US housing starts sank 5.3 percent in September

FILE- In this Oct. 10, 2018, file photo construction continues on 1 Seaport, center, an apartment tower in New York's financial district. On Wednesday, Oct. 17, the Commerce Department reports on U.S. home construction in September. (AP Photo/Mark Lennihan, File)
FILE- In this Aug. 30, 2018, file photo a workers toil on a new home under construction in Denver. On Wednesday, Oct. 17, the Commerce Department reports on U.S. home construction in September. (AP Photo/David Zalubowski, File)

WASHINGTON — U.S. home construction fell 5.3 percent in September, a sign that recent hurricanes and rising mortgage rates may be weighing on the market.

The Commerce Department said Wednesday that housing starts slipped last month to a seasonally adjusted annual rate of 1.2 million, down from 1.27 million in August. So far this year, starts have increased 6.4 percent. But the pace of homebuilding has downshifted since May

September ground breakings were also likely hurt by Hurricane Florence striking North Carolina — and ground breakings could possibly be depressed in October after Hurricane Michael hit the Florida panhandle.

"Starts are stagnating as the housing market slows, though September's numbers were suppressed by the hurricane affecting the Carolinas," said Tendayi Kapfidze, chief economist at Lending Tree, an online loan broker.

Homebuyers are facing new cost pressures that could be dampening demand.

Mortgage buyer Freddie Mac says that the average 30-year fixed-rate mortgage jumped to 4.9 percent last week, the highest level since 2011. The combination of higher borrowing costs and rising home values has made home ownership less affordable.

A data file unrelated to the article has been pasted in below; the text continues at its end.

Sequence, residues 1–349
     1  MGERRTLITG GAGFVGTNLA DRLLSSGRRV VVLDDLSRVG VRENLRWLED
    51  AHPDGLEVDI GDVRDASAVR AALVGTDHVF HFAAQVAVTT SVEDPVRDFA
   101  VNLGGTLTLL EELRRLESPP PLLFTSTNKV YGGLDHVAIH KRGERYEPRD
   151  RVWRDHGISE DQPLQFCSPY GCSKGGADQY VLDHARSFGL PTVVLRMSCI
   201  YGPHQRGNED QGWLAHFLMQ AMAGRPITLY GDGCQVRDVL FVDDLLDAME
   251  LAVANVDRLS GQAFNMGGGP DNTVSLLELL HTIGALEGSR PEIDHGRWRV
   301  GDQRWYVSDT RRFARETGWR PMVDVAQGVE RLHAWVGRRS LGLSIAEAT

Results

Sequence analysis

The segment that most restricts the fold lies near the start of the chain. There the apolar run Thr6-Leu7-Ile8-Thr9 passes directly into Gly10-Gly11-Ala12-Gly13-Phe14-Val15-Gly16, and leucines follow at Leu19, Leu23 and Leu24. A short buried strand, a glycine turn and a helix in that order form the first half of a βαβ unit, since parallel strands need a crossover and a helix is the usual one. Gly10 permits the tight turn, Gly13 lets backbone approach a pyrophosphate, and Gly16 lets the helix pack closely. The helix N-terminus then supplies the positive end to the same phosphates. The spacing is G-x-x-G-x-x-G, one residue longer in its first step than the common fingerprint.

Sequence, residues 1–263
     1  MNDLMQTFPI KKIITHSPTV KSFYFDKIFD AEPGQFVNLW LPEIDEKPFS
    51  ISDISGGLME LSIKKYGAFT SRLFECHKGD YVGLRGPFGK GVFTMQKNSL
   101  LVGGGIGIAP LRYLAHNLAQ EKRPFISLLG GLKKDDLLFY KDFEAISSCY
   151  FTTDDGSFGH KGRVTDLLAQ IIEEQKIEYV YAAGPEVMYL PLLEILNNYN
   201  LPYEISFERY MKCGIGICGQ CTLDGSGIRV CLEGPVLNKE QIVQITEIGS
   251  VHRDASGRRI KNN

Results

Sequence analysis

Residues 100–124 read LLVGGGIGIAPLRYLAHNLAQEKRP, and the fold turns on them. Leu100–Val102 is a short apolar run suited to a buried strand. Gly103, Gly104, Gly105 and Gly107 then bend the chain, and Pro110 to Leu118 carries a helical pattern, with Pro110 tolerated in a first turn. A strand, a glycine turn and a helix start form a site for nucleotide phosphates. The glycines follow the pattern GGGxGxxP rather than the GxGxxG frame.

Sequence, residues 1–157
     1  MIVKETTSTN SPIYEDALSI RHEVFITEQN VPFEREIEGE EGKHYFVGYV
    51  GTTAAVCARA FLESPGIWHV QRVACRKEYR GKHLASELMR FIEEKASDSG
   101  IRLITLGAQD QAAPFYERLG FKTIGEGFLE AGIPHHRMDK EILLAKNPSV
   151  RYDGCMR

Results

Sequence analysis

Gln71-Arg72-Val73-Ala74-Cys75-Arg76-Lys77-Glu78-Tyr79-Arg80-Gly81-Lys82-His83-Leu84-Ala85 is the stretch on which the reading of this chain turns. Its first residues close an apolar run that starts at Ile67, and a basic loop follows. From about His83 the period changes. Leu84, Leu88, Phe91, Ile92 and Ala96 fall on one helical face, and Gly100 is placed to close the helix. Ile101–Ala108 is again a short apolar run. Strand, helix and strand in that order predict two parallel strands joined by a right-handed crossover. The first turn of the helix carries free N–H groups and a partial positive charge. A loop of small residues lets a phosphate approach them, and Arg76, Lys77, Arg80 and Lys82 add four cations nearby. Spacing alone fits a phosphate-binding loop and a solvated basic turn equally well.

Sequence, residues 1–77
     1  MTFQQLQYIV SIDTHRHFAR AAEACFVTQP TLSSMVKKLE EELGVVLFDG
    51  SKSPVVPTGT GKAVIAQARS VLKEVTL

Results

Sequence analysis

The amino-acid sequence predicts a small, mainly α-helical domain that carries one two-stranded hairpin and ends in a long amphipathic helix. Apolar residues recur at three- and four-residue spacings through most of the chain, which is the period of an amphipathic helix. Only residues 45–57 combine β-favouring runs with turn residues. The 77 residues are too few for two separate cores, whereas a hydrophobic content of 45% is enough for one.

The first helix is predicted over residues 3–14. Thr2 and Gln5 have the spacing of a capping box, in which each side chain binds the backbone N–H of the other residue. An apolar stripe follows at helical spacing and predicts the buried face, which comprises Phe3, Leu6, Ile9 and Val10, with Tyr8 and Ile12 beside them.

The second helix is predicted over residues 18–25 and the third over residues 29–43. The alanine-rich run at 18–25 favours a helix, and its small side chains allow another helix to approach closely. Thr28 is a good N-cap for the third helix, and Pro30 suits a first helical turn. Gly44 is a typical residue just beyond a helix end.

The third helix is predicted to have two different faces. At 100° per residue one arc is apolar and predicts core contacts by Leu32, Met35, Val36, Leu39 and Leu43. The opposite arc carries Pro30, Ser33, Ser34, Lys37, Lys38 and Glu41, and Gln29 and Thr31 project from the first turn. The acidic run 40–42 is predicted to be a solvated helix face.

"It may be tempting to draw national conclusions from these storm-related dips and rallies, but the regional blips can't obscure the year-long malaise in the national single-family home construction market: Starts have been hit or miss, sales flat and permits trending downward for months," said Aaron Terrazas, a senior economist at the real estate firm Zillow.

Builders appear to be adapting to the affordability challenges. Starts for multi-family buildings such as apartments have increased at a faster clip than single-family houses year to date.

Still, much of September's decline came from a decline in ground breakings for multi-family buildings.

Housing starts fell last month in the South and Midwest, but they increased in the Northeast and West. The construction data can be volatile, so the regional levels of homebuilding can change sharply on a monthly basis.

Permits, an indicator of future activity, fell 0.6 percent to an annual rate of 1.24 million.

Must Read

US new-home sales climb to best level since late...

Aug 23, 2016

US sales of new homes soared 12.4 percent in July to best level since October 2007

The hidden risk to the economy in corporate...

Aug 24, 2016

America has a debt problem, and the big borrower this time may surprise you: Corporate America

Stocks end mostly lower after Yellen speech

Aug 26, 2016

Stocks end mostly lower, giving up earlier gains after Fed Chair Yellen said the case for raising...

Yellen suggests rate hike is coming but offers no...

Aug 26, 2016

Yellen says 'the case for an increase' in rates has strengthened but offers no timetable

AP FACT CHECK: Trump on immigration

Sep 1, 2016

AP FACT CHECK: Trump's day of clarification on immigration policy did not always hew to the actual...

Sign up now!

About Us

In The Headline sought to bring professionalism back into journalism, bringing you only the most exclusive and the most impactive news from all over the globe.

Contact us: sales[at]intheheadline.com